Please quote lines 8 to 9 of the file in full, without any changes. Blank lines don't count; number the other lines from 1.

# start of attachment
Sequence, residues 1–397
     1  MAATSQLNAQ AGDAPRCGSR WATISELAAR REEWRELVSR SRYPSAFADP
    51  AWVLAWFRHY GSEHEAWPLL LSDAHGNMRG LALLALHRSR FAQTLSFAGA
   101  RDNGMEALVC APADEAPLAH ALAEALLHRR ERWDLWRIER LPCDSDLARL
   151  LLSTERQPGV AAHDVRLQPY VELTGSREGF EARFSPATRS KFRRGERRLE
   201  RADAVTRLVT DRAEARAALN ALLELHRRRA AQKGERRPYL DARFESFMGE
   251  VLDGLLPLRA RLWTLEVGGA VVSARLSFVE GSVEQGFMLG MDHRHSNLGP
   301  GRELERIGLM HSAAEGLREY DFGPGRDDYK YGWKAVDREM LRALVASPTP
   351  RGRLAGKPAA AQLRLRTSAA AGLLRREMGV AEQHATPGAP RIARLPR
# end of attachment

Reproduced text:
   301  GRELERIGLM HSAAEGLREY DFGPGRDDYK YGWKAVDREM LRALVASPTP
   351  RGRLAGKPAA AQLRLRTSAA AGLLRREMGV AEQHATPGAP RIARLPR